It seems that the major economies are about to intensify the war for control over money.
The Group of Seven (G7) largest advanced economies has instructed its members to compete with cryptocurrencies and stablecoins by improving the existing financial system – and consider issuing digital fiats.
In a detailed report from the G7 Working Group on Stablecoins, the body recommends that “central banks, individually and collectively, will assess the relevance of issuing central bank-controlled digital currencies in view of the costs and benefits in their respective jurisdictions.”
The report is entitled “Investigating the impact of global stablecoins,” and concludes that globally successful stablecoins could “pose challenges and risks” to:
- Monetary policy
- Financial stability
- The international monetary system
- Fair competition
The authors do not show much love for cryptocurrencies, either, stating, that “The first wave of cryptoassets, of which Bitcoin is the best known, have so far failed to provide a reliable and attractive means of payment or store of value”:
“[Cryptocurrencies] were originally envisioned to address [financial] challenges. However, to date, they have suffered from a number of limitations, not least severe price volatility. Thus, [cryptocurrencies] have served as a highly speculative asset class for certain investors and those engaged in illicit activities, rather than as a means to make payments.”
However, the G7 appears to recognize that conventional finance is, in many ways, hopelessly ill-equipped to compete with digital finance, and concedes that “cross-border payments remain slow, expensive and opaque, especially for retail payments such as remittances.”
A large number of blockchain enterprises, commercial banks and cryptocurrency businesses from around the world have already begun introducing cross-border remittance and payments solutions that outperform conventional finance in both speed and transparency.
The report continues,
“Finance ministries, central banks, standard-setting bodies […] and international organizations should continue their efforts to promote faster, more reliable and less costly payment systems for both domestic and cross-border purposes, using new technology where appropriate, and in a globally consistent and coordinated manner.”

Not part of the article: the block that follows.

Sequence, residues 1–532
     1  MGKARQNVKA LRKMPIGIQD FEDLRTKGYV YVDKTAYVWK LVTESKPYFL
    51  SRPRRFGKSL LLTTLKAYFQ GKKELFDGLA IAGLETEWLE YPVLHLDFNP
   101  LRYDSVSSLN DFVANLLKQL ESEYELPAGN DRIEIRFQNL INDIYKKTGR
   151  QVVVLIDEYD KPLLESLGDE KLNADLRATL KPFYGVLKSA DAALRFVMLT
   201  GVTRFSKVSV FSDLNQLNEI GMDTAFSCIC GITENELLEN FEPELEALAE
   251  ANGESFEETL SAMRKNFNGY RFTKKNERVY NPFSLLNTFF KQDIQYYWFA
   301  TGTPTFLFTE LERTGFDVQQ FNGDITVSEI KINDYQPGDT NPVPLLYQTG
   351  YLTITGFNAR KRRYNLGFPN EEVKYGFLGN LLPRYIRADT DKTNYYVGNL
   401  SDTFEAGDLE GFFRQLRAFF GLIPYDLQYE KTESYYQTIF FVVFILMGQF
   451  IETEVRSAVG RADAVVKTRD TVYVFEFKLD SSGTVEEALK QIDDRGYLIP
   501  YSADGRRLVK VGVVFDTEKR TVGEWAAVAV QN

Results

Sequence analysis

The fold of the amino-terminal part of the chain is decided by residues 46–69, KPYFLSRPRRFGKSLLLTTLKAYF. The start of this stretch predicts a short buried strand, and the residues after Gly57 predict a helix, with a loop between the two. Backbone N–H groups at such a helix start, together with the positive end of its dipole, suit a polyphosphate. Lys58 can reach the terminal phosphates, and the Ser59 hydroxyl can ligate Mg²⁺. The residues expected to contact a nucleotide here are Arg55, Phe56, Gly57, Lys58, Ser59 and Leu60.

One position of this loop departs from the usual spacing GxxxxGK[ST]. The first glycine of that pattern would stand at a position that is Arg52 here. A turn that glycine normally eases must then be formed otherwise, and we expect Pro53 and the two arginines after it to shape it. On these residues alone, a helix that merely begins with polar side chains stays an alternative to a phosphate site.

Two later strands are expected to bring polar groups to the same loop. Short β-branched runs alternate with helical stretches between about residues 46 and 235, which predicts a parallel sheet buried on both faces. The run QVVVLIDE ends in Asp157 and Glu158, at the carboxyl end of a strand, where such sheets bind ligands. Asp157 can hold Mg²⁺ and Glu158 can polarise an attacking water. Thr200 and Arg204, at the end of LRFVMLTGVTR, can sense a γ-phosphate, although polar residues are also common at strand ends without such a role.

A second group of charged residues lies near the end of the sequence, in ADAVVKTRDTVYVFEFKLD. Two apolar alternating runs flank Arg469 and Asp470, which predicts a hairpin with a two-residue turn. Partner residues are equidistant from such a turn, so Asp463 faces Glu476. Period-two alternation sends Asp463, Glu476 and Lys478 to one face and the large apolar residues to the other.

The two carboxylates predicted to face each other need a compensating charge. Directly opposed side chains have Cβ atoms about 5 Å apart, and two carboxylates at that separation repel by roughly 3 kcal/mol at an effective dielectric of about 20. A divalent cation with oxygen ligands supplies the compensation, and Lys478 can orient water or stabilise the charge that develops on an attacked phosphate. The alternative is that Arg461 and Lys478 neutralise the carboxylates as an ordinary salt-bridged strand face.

The authors say they want G7 nations to create “road maps” that focus on “improving the efficiency and lowering the cost of payments and financial services.”
The “road maps” in question could include digital fiat plans, as well as:
- Providing support for initiatives that improve cross-border payments, standardization and legislative reform for “emerging payment products and services” and facilitating useful and responsible innovation
- Promoting financial inclusion by reviewing and updating calls for action and boosting support programs for less developed countries.
- Improving coordination between authorities, both domestically and internationally, including regulatory cooperation and harmonized standards.
Experts have recently told that financial authorities’ responses to crypto and blockchain developments thus far have been akin to “watching the taxi industry responding to Uber.” And “If people want to use these tokens, there is little governments can do to stop this. It would be like trying to ban the internet.”
More fatally, it’s still unclear how decentralized the improved financial system might be, which stands as one of the main selling points of true cryptocurrencies.
“Cryptoassets like Bitcoin are not about the digitalization of money,” says Iqbal Gandham. “The whole reason Bitcoin was created was its ability to bypass financial institutions, like banks, and issuing authorities, like governments, in a bid to create a currency that was borderless and decentralized,” Iqbal V. Gandham, the managing director at eToro UK.
Source: Tim Alper